After years of anticipation, the world of Bumba was eventually opened for guests to step into on 21 July, 2023. For the opening day celebration, children were given the opportunity to join Bumba in a true circus parade, marching from the park entrance to the Circus Bumba zone. Marching behind a fanfare band, Bumba and his friend Bumbalu, the children were led to the official opening ceremony of Circus Bumba, taking place right in front of the new indoor area. After Bumba and Bumbalu pushed the big button, a shot of confetti and fireworks marked the official opening. Further details can be seen in our video below.

Ready to travel: Op reis met Bumba

With Circus Bumba officially opened to press and special guests, it was time to take a look inside and check out the indoor zone for ourselves. Circus Bumba is entered (and of course exited) through the Bumba gift shop, after which guests find themselves in a large hall featuring the two rides and playgrounds in the front, and the dark ride in the back. Red and yellow cloth is hanging from the ceiling, to give the area the feeling of a circus. Most of the theming in the indoor area consists of 2D-images of either Bumba and his friends or circus patterns.

The Balloonride in the center of Circus Bumba (© Dark Ride Database)

Halfway through the hall, a small circus tent with the name sign ‘Op Reis met Bumba’ marks the entrance of the queue line for the dark ride. The main queue is located within the big hall, and consists of zigzags lightly themed with 2D images of a forest. An extended queue off to the side of the main queue is separate from the main hall, and themed as a bedroom, with windows doubling as multimedia screens. During the opening day only a small part of the main queue was used, with no need to use the extended queue. Nonetheless, considering the ride’s average capacity, this extended queue is probably built for good reason.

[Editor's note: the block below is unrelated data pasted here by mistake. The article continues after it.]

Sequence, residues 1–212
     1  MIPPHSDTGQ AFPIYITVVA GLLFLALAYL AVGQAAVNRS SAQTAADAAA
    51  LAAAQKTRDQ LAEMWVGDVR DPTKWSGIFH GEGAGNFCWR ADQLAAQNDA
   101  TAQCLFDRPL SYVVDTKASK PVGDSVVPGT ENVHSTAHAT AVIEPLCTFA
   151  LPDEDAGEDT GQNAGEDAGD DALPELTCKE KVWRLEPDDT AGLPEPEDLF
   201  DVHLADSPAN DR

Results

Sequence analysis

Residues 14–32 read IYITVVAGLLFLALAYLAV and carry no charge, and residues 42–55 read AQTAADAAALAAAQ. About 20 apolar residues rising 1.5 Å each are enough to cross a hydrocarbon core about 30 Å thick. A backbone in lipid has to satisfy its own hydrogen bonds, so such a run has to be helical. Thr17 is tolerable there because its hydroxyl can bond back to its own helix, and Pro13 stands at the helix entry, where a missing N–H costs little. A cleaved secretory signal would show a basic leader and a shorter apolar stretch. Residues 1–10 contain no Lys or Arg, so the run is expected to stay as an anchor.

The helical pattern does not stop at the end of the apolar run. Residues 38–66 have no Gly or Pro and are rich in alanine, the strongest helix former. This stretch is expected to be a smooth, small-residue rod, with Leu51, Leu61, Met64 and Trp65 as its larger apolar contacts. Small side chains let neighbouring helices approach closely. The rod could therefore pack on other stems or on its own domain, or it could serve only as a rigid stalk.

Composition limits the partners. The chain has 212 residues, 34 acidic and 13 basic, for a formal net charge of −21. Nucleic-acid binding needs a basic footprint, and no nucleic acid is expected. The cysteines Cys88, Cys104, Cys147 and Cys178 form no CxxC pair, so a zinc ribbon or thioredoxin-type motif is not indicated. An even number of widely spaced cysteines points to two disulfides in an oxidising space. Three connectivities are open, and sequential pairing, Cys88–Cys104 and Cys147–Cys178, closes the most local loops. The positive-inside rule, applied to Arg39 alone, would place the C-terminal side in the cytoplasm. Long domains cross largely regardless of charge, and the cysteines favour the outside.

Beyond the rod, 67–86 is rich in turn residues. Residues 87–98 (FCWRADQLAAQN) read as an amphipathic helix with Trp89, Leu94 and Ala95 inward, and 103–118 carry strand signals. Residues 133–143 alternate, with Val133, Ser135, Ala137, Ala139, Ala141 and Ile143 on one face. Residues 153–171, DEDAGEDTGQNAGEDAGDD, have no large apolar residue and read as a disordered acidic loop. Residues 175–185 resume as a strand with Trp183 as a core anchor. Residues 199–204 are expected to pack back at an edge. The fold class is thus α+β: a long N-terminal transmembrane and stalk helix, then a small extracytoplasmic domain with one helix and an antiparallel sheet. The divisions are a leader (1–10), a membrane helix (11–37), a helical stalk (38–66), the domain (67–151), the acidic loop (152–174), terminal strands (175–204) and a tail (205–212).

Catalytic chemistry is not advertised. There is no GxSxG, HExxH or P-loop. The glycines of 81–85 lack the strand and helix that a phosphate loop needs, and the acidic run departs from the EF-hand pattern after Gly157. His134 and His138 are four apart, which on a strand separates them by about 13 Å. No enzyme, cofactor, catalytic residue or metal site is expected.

The station to Op reis met Bumba is themed as a small gathering of tents, with red cars departing about every minute, carrying up to two adults and two children. Children are always seated in the front seat of the ride, while adults have to sit in the back. The vehicles are delivered by German manufacturer Metallbau Emmeln, and are equipped with a voice-over: after boarding, riders can choose to hear the voice in French or Dutch. While Metallbau Emmeln worked on the ride system, the theming of the ride was created by Fisheye, after design of Plopsa’s home designer Piet de Koninck.

Upon the dispatch from the station, riders enter a series of rooms depicting different places where Bumba and his friends can be found, which is a conscious choice made by the Plopsa designers to depict Bumba outside the known circus environment. The ride starts out in a rather general forest area, which has about the same vibe as the queue area of the ride. From there on out Bumba takes riders on a journey through Asia, a snow themed area, space, a rainforest, the underwater world and then back to a larger circus area.

Influences for Bumba

Op reis met Bumba uses several techniques to accommodate the transitions between scenes. These range from themed doors, to doors with a projection of Bumba throwing a snowball towards the riders, fade outs and video mapping. The video mapping, which takes place between the jungle and underwater world is reminiscent of the change between the rainforest scene and underwater scene of Mickey and Minnie’s Runaway Railway, showing that the amazing technique used in the large Disney dark ride can quite easily be achieved in a smaller ride such as Bumba.